• by Wes Singleton

Queen of Katwe, B

Rated PG, 124 minutes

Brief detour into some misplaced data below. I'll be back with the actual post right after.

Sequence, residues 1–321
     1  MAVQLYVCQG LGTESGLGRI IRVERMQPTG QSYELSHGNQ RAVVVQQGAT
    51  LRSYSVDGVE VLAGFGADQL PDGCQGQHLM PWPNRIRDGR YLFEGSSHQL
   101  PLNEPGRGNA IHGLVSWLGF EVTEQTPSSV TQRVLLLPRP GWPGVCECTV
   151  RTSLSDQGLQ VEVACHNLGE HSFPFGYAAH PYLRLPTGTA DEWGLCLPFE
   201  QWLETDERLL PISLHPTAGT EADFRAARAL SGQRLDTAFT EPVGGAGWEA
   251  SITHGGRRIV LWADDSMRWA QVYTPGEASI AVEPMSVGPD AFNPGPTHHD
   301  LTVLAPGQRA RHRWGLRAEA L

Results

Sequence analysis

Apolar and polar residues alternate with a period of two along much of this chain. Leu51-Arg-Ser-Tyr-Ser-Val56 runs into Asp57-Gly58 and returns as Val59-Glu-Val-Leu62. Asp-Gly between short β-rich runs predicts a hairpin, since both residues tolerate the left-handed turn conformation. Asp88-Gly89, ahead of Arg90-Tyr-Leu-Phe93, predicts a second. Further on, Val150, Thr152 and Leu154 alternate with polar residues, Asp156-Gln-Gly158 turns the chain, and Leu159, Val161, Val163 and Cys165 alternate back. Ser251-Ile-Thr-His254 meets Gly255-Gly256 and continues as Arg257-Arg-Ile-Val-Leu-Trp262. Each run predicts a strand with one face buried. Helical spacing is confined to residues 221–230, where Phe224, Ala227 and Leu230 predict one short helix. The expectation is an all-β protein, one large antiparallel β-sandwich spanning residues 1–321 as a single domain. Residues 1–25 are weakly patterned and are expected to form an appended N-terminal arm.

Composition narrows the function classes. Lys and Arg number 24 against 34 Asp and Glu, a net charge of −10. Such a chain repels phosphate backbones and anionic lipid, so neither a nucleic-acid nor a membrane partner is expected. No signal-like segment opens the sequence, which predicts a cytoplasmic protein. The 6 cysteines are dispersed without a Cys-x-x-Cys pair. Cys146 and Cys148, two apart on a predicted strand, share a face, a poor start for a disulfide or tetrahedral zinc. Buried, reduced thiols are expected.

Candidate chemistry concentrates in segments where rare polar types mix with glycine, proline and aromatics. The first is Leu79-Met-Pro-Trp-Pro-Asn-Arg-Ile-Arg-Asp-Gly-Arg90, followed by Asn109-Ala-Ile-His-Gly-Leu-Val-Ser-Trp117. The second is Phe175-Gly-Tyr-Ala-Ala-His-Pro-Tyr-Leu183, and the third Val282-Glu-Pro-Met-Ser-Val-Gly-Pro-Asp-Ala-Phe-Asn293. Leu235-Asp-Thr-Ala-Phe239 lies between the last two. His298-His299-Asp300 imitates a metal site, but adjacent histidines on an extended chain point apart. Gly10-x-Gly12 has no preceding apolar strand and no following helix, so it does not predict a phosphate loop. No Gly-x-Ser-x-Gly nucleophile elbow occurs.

The familiar but uplifting "Queen of Katwe" from Disney and ESPN Films channels many cliches in the true sports film genre, but that doesn't mean you won't leave encouraged. Directed by Mira Nair ("The Namesake") and written by William Wheeler based on Tim Crothers' novel "The Queen of Katwe: A Story of Life, Chess, and One Extraordinary Girl’s Dream of Becoming a Grandmaster," this is essentially the African version of Bobby Fischer, with just as much heart. The film tells the story of chess prodigy Phiona Mutesi (newcomer Madina Nalwanga), from the slums of Uganda whose world rapidly changes when she is introduced to the game of chess by Robert Katendi ("Selma's" David Oyelowo), and in spite of challenges she and her family face, rises to become an international chess champion. Don't let the familiarity or predictability of the underdog sports movie keep you away from the touching "Queen of Katwe" after all, we usually love a good underdog story, and Mutesi's story fits the bill perfectly, and as typical with these things, the sports is the metaphor for making a better way in life. Filmed entirely on location in Uganda and using many Ugandan non-actors for extras, it also helps that a story that's driven by an African-American female has a skilled director in Nair, who moves the story along well and nicely compliments its diverse tone; the expository first act is a tad slow and it goes on a little too long, but once Phiona gets into the thick of playing chess, you'll be cheering her along with the rest of the audience. Ugandan dancer Nalwanga, in her feature film debut, radiates warmth as Mutesi, while Oscar-winner Lupita N'yongo is superb as her fiesty mother, and Oyelowo gives the film some quiet strength and backbone as her motivated coach. "Queen of Katwe" is not unlike other sports films: it's predictably filled with hardship, trials and challenges (floods, pregnancy, family issues etc.), probably more than necessary and the film could've just as easily done without them, since there's a good chance that it'll turn out well anyway. Still, the entertaining, satisfying "Queen of Katwe" is a worthy story, and you'll be wise to do two things when you see it: take tissues, and stay until the end credits, when you see the actors paired with their real-life counterparts.

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